It was daylight, but not for much longer.
Dipping in and out of the shadows, I made my way through the bustling crowds towards my destination. I was at the boundary of a seedier neighborhood, one I wasn’t sure I wanted to be around when the alleys grew darker. I was one woman, alone, abroad.
The women behind the windows looked…bored. One blonde was tapping away at her cell phone. Another examined her long, acrylic nails with heavy eyes. Or maybe it was her eye shadow that was making her expression look so still. They were wearing bikinis. It was October.
A movement in my periphery startled me. My head turned, and I immediately made eye contact with the woman in the window a few feet away. She was not wearing pants. Or a shirt. As she stared back at me, a finger slowly dipped into her cleavage. She scratched, idly, and I continued on my way.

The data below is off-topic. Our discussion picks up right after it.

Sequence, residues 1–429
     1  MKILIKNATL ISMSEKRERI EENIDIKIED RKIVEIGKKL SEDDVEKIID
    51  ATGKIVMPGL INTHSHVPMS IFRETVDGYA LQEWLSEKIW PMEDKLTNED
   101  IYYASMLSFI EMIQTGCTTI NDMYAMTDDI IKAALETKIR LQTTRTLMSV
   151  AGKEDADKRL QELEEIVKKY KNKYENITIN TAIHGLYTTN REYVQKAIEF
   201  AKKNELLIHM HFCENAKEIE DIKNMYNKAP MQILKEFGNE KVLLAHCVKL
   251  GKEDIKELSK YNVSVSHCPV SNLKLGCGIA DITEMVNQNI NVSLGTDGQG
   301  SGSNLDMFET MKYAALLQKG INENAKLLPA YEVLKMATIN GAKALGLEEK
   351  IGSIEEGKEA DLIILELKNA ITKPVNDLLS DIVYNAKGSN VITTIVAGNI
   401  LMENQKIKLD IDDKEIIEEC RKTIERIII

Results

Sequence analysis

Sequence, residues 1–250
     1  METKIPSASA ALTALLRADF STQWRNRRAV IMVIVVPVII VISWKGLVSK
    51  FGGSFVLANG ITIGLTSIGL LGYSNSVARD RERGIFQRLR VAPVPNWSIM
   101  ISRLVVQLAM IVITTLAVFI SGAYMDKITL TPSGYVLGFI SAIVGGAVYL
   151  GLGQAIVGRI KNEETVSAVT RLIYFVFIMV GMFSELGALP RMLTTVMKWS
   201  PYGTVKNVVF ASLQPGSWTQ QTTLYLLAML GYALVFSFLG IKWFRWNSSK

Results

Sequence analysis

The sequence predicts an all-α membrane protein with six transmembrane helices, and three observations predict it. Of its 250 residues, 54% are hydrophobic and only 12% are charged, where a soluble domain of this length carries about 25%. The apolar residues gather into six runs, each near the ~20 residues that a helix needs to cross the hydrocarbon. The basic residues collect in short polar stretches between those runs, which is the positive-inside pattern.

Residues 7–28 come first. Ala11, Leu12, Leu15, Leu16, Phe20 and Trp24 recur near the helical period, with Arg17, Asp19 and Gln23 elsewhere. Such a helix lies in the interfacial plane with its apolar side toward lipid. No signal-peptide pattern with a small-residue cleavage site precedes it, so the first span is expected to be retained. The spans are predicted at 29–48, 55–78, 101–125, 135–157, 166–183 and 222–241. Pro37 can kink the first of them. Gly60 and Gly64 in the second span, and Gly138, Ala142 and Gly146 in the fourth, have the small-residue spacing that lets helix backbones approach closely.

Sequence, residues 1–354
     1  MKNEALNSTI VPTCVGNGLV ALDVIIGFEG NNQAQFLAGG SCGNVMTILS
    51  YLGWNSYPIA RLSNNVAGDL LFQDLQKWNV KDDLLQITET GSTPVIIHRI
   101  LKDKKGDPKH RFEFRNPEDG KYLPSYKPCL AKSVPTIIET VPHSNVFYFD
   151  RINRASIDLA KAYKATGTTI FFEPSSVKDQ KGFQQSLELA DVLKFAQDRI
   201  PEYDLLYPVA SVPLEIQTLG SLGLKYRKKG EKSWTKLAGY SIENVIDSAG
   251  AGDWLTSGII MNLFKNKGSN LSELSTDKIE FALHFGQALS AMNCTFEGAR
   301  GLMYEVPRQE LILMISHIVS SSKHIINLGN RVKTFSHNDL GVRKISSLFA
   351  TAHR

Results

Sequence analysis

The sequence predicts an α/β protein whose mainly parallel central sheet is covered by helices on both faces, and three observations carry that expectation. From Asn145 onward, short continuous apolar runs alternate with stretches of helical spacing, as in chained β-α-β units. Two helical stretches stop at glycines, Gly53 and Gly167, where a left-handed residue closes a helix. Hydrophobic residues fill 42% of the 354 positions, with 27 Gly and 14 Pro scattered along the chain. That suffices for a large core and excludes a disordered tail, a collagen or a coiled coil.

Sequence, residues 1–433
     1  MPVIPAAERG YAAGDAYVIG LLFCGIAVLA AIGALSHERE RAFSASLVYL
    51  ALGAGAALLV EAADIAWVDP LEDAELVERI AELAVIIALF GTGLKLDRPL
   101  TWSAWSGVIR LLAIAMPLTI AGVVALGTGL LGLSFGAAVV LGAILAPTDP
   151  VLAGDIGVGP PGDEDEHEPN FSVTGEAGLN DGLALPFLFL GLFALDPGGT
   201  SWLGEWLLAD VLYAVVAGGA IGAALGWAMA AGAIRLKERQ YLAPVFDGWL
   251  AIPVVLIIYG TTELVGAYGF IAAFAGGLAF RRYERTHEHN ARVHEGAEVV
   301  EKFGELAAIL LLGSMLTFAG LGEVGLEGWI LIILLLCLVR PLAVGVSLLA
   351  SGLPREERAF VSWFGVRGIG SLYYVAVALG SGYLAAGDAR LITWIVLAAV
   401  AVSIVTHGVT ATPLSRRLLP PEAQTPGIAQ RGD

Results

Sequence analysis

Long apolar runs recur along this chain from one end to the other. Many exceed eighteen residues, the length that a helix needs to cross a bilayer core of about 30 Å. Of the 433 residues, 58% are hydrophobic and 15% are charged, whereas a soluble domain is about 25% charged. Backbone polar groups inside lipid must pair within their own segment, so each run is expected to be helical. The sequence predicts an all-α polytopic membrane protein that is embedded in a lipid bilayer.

Amsterdam. Truly, a romantic city. Canals, gabled facades, and the sharp ding-ding of bicycle bells.
It was my fifth and last day in the city, and I was making my final rounds. Getting items to take home. Getting. Not buying. See, the Iamsterdam city card I bought but never used allowed me to pick up gifts for free at certain points around the city. I had plotted a general, ambling loop.
This was my last day. I went for a long walk.
You see, I like free stuff. It’s like a lingering vestige of my college career.
So I picked up a cute little Heineken beer glass, a gift bag from De Bijenkorf, and went on a free canal cruise. The sun finally peeked out from behind the gray. I stopped for lunch in Chinatown, which is how I accidentally cut through the Red Light district. The neighborhood is full of eateries, coffee shops, and bars. There are, like the rest of Amsterdam, old buildings. Cobbled streets. Trees. Like my night stroll through Pigalle, I didn’t see anything terribly scandalous. Besides the women in the windows, idly thumbing at their hemlines (if they had any). But their apathy was more humorous than anything else.
When I emerged from my late meal–ordered and paid for in a mixture of Mandarin, Cantonese, and English–pinks and reds splashed up against the nearby buildings. Evening had begun. The women in the windows were awash in the red lights that lit up the neighborhood, slouching against the window frames.
People looked without looking.
I went back to my hostel, and slept.